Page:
By Ingrid Melander
PARIS (Reuters) - French presidential candidate Francois Fillon got the backing of prominent French businessman and HSBC board member Henri de Castries on Tuesday, with his long-term friend confirming a move into politics.
De Castries, who left AXA in September after nearly 17 years leading Europe's second-biggest insurer, had been regarded as frontrunner for taking over as chairman of HSBC after joining its board in March.
However, the 62-year-old started appearing at campaign events for Fillon, who in November became the conservative candidate in the presidential election and is the frontrunner in opinion polls to succeed Socialist President Francois Hollande.
It is not very common for corporate leaders to publicly back French presidential candidates and it is even more rare for them to get involved in campaigning or join government.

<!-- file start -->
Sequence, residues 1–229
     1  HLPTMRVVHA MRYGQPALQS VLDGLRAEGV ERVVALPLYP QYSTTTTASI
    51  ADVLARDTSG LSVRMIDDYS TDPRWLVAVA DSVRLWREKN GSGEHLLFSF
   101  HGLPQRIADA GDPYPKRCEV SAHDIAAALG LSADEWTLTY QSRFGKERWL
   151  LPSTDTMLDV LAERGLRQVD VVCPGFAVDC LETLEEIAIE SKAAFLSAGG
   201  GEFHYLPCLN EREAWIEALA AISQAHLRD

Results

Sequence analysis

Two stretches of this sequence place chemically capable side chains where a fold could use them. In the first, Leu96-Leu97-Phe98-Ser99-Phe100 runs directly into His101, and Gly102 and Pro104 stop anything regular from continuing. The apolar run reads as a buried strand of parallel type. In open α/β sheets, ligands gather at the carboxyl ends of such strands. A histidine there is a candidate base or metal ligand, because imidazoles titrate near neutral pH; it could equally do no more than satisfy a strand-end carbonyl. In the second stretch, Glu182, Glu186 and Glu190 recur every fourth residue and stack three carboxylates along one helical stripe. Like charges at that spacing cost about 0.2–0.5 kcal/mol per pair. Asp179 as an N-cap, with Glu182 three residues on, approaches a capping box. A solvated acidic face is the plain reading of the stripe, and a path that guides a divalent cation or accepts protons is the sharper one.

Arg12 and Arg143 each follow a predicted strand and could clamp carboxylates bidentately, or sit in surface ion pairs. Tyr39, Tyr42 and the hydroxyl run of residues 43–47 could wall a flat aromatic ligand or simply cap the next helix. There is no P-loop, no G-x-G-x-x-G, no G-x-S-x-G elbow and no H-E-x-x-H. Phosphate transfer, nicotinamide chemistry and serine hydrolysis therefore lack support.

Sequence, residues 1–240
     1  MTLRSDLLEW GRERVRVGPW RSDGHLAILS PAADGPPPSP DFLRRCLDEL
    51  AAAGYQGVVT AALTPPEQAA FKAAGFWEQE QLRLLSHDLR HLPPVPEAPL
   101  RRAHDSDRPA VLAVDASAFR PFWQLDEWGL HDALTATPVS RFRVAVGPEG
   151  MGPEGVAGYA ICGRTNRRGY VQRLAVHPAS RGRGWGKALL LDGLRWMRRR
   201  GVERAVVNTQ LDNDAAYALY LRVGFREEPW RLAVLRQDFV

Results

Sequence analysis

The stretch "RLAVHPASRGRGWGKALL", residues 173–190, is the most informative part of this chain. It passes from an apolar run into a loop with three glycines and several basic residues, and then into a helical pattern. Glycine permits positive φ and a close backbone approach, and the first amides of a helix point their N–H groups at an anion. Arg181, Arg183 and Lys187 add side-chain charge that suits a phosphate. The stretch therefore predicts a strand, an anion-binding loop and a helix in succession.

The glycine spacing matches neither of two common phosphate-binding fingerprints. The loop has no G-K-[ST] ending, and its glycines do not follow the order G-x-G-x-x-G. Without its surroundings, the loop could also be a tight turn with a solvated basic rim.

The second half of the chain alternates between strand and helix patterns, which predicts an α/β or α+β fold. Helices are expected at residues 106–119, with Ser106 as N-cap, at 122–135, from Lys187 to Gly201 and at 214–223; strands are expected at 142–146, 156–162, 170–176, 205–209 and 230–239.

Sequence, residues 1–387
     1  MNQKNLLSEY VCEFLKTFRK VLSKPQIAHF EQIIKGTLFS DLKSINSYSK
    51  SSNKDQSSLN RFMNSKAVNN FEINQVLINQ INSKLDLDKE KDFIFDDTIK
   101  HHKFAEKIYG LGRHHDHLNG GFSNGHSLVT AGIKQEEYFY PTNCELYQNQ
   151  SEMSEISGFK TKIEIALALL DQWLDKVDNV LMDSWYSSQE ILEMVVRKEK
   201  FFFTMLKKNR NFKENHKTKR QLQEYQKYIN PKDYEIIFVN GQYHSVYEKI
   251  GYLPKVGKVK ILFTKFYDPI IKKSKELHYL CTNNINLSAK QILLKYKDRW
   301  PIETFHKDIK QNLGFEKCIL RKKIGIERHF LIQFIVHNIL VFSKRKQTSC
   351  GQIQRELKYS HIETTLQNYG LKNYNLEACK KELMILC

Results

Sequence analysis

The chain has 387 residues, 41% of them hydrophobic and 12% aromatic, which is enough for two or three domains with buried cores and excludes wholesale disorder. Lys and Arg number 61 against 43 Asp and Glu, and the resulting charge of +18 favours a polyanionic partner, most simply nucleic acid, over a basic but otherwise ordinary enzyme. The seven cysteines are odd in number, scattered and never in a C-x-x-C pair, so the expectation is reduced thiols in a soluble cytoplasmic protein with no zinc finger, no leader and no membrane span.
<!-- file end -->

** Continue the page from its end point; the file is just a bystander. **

"Francois Fillon has the best answers for the challenges we face: security, solidarity, competitiveness, education and innovation," de Castries told Le Figaro newspaper.
Fillon has said he wants non-professional politicians to join his government if elected in May. French media speculated at the end of last year, when he was advising Fillon unofficially, that de Castries could become finance minister.
De Castries, a pro-European, declined to say what form his support would take or if he wanted to become a minister.
An aristocrat known for his economically liberal ideas, de Castries has been criticized by union leaders and opposition politicians who saw him behind Fillon's plans to radically overhaul France's social security - something he denies.
Fillon has since toned these down after raising concerns even within his center-right The Republicans party.
De Castries, whose full name is de la Croix de Castries, is the descendant of an ancient aristocratic French family.
The family has counted among its ranks a defense minister and several centuries previously one of the few holders of France's top military distinction.
A graduate of France's elite ENA administrative school and HEC business school, de Castries was a civil servant before moving to Axa in 1989.
(Additional reporting by Sophie Louet; Editing by Alexander Smith)